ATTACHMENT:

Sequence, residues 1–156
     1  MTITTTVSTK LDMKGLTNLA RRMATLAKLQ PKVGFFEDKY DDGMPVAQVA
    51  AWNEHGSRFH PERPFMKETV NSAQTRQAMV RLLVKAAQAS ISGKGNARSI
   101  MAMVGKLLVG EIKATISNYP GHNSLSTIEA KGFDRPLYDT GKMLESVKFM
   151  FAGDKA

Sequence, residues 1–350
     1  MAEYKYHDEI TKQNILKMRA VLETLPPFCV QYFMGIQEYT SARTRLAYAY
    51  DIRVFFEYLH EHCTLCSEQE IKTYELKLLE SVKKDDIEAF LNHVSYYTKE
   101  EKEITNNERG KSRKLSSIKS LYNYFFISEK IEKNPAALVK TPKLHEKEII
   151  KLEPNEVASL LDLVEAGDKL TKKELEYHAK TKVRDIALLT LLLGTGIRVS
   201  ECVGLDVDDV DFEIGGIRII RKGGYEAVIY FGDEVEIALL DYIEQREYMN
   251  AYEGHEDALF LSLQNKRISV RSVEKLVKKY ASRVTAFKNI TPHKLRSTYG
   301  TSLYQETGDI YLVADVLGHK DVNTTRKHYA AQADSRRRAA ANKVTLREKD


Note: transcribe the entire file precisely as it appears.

Sequence, residues 1–156
     1  MTITTTVSTK LDMKGLTNLA RRMATLAKLQ PKVGFFEDKY DDGMPVAQVA
    51  AWNEHGSRFH PERPFMKETV NSAQTRQAMV RLLVKAAQAS ISGKGNARSI
   101  MAMVGKLLVG EIKATISNYP GHNSLSTIEA KGFDRPLYDT GKMLESVKFM
   151  FAGDKA

Sequence, residues 1–350
     1  MAEYKYHDEI TKQNILKMRA VLETLPPFCV QYFMGIQEYT SARTRLAYAY
    51  DIRVFFEYLH EHCTLCSEQE IKTYELKLLE SVKKDDIEAF LNHVSYYTKE
   101  EKEITNNERG KSRKLSSIKS LYNYFFISEK IEKNPAALVK TPKLHEKEII
   151  KLEPNEVASL LDLVEAGDKL TKKELEYHAK TKVRDIALLT LLLGTGIRVS
   201  ECVGLDVDDV DFEIGGIRII RKGGYEAVIY FGDEVEIALL DYIEQREYMN
   251  AYEGHEDALF LSLQNKRISV RSVEKLVKKY ASRVTAFKNI TPHKLRSTYG
   301  TSLYQETGDI YLVADVLGHK DVNTTRKHYA AQADSRRRAA ANKVTLREKD